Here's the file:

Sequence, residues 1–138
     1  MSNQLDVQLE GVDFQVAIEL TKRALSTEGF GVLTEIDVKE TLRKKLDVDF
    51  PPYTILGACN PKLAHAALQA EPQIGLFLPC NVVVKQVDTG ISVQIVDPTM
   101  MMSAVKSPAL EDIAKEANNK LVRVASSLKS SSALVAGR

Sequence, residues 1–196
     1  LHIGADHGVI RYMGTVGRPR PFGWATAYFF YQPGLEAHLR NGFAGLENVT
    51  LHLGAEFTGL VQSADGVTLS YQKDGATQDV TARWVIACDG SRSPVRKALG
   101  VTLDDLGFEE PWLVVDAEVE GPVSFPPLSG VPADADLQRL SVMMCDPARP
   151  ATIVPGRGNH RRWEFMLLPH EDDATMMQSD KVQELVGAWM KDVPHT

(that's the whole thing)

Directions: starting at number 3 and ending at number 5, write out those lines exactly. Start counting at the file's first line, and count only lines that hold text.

    51  PPYTILGACN PKLAHAALQA EPQIGLFLPC NVVVKQVDTG ISVQIVDPTM
   101  MMSAVKSPAL EDIAKEANNK LVRVASSLKS SSALVAGR

Sequence, residues 1–196